Click link to open and play in browser; right-click to save. Sermon audio is also accessible as a free podcast in iTunes. Search for "Good Shepherd Sermons" or "Robert Austell."  

:: Testimony :: Melissa Katibah testimony (audio link)

:: Scripture and Music ::
Gathering Music: Rick Bean, jazz piano
Song of Praise: Let Your Kingdom Come (Kauflin, Sovereign Grace)
Hymn of Praise: Lo, How a Rose (arr. Austell)
The Word in Music: Choir, The Yearning (Boersma/Courtney)
Music during Communion: Rick Bean, jazz piano
Hymn of Sending: Of the Father's Love Begotten (DIVINUM MYSTERIUM)
Postlude: Rick Bean, jazz piana; Linda Jenkins, organ

:: Sermon Manuscript (pdf) ::
This "manuscript" represents an early draft of the sermon. Some weeks  the spoken version varies more than others from the early manuscript.  Nevertheless, if you'd prefer to read than to listen, this is provided  for that purpose.

Today is the second Sunday in Advent, a season of church life that anticipates the coming of Jesus. This year we are looking at several different invitations of Jesus to know God through him. We are specifically following the Advent themes of hope, love, joy, and peace and today look at an invitation Jesus gave in love. My hope is that you will also hear or be reminded of God’s love for you and His desire for you to know Him in a personal and meaningful way. Today we will also look at what gets in the way of that.

After last week’s sermon, a friend who follows the sermons online asked me about how I zeroed in on the theme of hope in the story of Jesus walking on water. I thought my reply might be helpful to mention in this current series. I normally select a text to preach on and my guiding principle is to find the main idea of the passage in the context in which it was set. It is easy to zero in on a single verse and miss the actually context (and meaning) of scripture, and I am very careful to not do that. Sometimes, however, a passage has a lot going on and I will choose to highlight what I might describe as a secondary point, like the role of hope in Peter’s response to Jesus last week. I will still try to set that in the context of the main idea, which, incidentally, I saw not as even being about Peter’s faith or the miracle of walking on water, which are what we are often drawn to in that story. Rather, I believe the main idea of that story is Jesus coming to us in God’s power to raise us up, to save us, even when our faith falters and is weak; therein lies our hope!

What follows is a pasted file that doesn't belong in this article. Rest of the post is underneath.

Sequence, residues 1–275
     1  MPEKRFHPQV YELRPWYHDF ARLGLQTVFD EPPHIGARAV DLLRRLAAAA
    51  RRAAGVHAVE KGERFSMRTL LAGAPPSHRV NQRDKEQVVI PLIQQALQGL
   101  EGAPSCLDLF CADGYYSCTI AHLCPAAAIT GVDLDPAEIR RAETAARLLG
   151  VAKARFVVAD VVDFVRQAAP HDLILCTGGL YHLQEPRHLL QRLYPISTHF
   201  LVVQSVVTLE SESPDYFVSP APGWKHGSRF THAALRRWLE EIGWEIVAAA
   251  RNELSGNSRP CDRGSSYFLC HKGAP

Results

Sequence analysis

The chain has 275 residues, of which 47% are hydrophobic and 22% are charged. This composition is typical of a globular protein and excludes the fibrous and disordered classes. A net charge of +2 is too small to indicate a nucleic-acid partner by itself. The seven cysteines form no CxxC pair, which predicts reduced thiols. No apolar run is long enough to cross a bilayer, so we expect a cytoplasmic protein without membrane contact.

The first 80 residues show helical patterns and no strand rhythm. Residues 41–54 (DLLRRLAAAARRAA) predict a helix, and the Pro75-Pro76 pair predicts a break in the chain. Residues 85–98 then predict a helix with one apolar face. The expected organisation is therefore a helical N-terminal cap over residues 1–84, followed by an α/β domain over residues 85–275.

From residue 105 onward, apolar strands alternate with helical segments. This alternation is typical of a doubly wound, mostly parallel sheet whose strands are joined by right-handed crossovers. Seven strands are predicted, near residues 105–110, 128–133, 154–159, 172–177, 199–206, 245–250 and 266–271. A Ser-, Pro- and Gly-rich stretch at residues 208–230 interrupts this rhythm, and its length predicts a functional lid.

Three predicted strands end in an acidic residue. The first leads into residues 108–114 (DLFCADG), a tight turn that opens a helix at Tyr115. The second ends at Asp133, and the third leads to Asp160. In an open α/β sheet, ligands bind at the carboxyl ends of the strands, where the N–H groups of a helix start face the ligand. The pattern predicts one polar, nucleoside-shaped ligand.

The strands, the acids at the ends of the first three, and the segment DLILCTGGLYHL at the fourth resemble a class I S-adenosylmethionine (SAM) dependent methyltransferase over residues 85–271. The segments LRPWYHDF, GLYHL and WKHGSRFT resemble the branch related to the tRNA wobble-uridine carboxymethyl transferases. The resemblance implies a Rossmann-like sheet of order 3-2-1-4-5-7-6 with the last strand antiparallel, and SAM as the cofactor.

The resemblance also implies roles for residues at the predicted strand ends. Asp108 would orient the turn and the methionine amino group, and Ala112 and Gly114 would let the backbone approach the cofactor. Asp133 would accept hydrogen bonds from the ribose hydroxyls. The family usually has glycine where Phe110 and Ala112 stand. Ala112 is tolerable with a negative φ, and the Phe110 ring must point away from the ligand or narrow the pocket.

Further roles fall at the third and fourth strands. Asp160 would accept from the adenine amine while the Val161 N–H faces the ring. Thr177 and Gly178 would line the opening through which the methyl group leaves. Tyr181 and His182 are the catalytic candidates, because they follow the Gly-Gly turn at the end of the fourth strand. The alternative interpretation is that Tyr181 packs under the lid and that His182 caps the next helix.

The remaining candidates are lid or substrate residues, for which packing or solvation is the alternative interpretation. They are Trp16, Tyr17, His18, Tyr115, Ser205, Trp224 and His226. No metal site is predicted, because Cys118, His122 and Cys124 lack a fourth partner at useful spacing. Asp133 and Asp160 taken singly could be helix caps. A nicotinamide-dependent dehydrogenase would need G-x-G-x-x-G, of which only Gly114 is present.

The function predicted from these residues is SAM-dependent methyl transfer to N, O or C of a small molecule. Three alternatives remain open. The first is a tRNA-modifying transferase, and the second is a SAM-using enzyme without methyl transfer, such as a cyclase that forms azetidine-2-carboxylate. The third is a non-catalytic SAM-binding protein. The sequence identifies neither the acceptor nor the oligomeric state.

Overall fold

Today’s story offers a similar opportunity to figure out what exactly the main idea is. It is easy for us to fixate on wealth as an obstacle to salvation or at least to knowing God. And that is at play in this story. But there is something much bigger going on, and that bigger thing – what I believe is the main idea – is anchored in the love of God for us. Let’s walk through the story.

The Question of Eternal Life (vv. 17-20)

“What shall I do to inherit eternal life?”… How can I go to Heaven?… How can I truly know God? These are some of the big questions that come up when we ponder what else there might be beyond this life and our lifetime. And it is the presenting question of this exchange with Jesus. It’s easy to get thrown by Jesus’ initial response. Picking up on the man calling him “Good Teacher,” Jesus replies, “Why do you call me good? No one is good except God alone.” And we think, well, Jesus WAS good, wasn’t he?

Yes, he was! He is not addressing his own goodness; he is calling into question the man’s understanding of who Jesus is and anticipating the key to the man’s original question about eternal life. After calling to mind Psalm 14, which says there is no one who does good and God is looking down from heaven to see if anyone understands and seeks after God, Jesus begins quoting from the Ten Commandments from Exodus 20: do not murder, do not commit adultery, do not steal, and so on. And the man says, “Teacher (see, he’s listening!) I have kept all these things from my youth up.”